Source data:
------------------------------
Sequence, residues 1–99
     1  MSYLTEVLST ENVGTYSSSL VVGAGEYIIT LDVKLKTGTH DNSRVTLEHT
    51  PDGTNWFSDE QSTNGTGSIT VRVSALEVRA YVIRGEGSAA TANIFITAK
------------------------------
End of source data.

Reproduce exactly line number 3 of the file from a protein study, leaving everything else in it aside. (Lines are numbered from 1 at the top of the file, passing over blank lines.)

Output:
    51  PDGTNWFSDE QSTNGTGSIT VRVSALEVRA YVIRGEGSAA TANIFITAK